Guantanamo and Its Aftermath
The U.S. Congress and the Executive Branch continue to wrestle with questions about the appropriate laws and policies to address the treatment and status of detainees who have been held at the U.S. military installation at Guantanamo Bay, Cuba. The Human Rights Center and the International Human Rights Law Clinic at UC Berkeley's Boalt Hall School of Law collaborated with the Center for Constitutional Rights to conduct a two-year study of detainees that addresses these questions. One of the only systematic studies of Guantanamo detainees once they have left U.S. custody, the project provides some of the only rigorous empirical data regarding this prisoner population. Through research and interviews with former detainees and key informants, "Guantanamo and Its Aftermath":
- Developed a factual record of the long-term impact of U.S. detention practices on detainees during their confinement at the Guantanamo Bay facility and after their release from U.S. custody.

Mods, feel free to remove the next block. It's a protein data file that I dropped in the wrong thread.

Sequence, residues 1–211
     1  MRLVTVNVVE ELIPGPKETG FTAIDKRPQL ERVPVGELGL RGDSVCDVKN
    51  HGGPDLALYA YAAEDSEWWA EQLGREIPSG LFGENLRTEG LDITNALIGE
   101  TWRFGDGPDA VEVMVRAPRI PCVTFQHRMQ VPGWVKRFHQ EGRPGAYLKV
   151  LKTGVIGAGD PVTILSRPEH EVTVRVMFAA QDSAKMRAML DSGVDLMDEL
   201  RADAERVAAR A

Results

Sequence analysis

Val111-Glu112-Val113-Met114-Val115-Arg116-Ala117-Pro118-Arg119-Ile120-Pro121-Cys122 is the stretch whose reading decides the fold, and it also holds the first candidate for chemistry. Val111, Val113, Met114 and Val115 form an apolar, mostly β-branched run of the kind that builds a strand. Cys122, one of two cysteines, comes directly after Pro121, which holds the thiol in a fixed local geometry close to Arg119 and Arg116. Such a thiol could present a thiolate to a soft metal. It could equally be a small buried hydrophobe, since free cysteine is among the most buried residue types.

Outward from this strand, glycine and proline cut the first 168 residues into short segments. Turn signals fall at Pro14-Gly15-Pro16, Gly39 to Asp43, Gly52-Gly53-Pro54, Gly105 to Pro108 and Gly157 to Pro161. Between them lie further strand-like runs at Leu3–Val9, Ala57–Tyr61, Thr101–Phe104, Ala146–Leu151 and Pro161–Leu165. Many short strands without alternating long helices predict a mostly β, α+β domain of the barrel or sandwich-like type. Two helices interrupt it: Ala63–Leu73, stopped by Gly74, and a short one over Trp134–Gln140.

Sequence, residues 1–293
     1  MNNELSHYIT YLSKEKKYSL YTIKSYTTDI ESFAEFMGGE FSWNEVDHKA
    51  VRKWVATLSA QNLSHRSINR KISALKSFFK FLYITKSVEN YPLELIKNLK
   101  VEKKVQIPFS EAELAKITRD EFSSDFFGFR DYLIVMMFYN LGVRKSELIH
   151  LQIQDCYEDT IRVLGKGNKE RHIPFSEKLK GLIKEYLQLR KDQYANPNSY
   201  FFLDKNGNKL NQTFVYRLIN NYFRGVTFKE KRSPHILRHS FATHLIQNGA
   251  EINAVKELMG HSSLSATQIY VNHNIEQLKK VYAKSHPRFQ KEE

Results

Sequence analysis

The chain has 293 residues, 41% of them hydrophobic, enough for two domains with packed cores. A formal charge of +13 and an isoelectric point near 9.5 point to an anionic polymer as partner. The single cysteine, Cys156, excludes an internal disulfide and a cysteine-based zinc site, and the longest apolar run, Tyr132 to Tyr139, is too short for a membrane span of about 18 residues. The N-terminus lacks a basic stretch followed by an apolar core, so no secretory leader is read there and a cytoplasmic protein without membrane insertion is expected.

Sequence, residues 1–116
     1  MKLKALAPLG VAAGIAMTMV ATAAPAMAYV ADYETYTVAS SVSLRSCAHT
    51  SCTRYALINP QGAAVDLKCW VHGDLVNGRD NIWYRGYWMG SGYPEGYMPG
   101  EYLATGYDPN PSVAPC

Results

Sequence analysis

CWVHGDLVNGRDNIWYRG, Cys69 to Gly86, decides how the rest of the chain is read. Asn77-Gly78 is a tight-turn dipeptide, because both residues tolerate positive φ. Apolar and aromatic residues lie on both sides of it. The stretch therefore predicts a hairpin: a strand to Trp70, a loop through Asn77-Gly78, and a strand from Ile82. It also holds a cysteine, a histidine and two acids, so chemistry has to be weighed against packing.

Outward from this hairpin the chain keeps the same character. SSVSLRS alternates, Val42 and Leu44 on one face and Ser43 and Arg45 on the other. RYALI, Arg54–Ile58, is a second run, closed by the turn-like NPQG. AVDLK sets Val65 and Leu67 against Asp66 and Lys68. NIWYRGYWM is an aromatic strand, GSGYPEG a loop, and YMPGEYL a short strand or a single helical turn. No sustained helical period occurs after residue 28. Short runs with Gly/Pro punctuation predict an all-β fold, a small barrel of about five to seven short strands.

- Assessed how the incarceration of detainees has affected the families and communities of detainees.
- Recommended appropriate legal mechanisms, detention practices, and polices to protect the human rights of detainees taken into U.S. custody during its pursuit of the "war on terror.
The report was released November 12, 2008, at an event at the National Press Club in Washington, D.C. A press conference call was held later that day and is available for download (MP3).
Read the press release or download the full report, Guantánamo and Its Aftermath: U.S. Detention and Interrogation Practices and Their Impact on Former Detainees (also available in Arabic and Pashto).
Following the report, students at the International Human Rights Law Clinic prepared a policy paper with recommendations regarding reintegration of former detainees: Returning Home: Resettlement and Reintegration of Detainees Released from the U.S. Naval Base at Guantanamo Bay, Cuba (March 2009). An article about their work appeared in the Law School News Archive, "International Human Rights Law Clinic Students Brief Policymakers on Guantanamo."
In spring 2009, the Human Rights Center joined other organizations in calling on the Obama administration to establish a commission on accountability.
In December 2009, Eric Stover, Laurel Fletcher, and Alexa Koenig published "The Cumulative Effect: A medico-legal approach to United States torture law and policy" (Essex Human Rights Review, 2009).